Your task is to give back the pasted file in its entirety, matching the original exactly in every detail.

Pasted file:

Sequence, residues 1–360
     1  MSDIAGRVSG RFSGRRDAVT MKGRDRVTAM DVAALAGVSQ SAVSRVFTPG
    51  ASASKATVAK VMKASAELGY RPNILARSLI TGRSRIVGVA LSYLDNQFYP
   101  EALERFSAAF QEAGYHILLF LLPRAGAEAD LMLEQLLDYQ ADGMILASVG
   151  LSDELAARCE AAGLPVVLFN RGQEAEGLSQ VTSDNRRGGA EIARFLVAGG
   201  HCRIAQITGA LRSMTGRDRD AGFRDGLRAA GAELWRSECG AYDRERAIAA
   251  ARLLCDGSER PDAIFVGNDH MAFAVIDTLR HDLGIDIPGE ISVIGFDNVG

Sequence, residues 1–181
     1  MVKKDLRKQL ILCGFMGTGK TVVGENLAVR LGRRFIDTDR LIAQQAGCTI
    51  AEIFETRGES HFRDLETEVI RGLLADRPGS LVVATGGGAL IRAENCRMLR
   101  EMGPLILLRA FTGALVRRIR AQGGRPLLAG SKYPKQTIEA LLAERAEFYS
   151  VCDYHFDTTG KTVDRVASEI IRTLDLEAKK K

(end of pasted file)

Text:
Sequence, residues 1–360
     1  MSDIAGRVSG RFSGRRDAVT MKGRDRVTAM DVAALAGVSQ SAVSRVFTPG
    51  ASASKATVAK VMKASAELGY RPNILARSLI TGRSRIVGVA LSYLDNQFYP
   101  EALERFSAAF QEAGYHILLF LLPRAGAEAD LMLEQLLDYQ ADGMILASVG
   151  LSDELAARCE AAGLPVVLFN RGQEAEGLSQ VTSDNRRGGA EIARFLVAGG
   201  HCRIAQITGA LRSMTGRDRD AGFRDGLRAA GAELWRSECG AYDRERAIAA
   251  ARLLCDGSER PDAIFVGNDH MAFAVIDTLR HDLGIDIPGE ISVIGFDNVG

Sequence, residues 1–181
     1  MVKKDLRKQL ILCGFMGTGK TVVGENLAVR LGRRFIDTDR LIAQQAGCTI
    51  AEIFETRGES HFRDLETEVI RGLLADRPGS LVVATGGGAL IRAENCRMLR
   101  EMGPLILLRA FTGALVRRIR AQGGRPLLAG SKYPKQTIEA LLAERAEFYS
   151  VCDYHFDTTG KTVDRVASEI IRTLDLEAKK K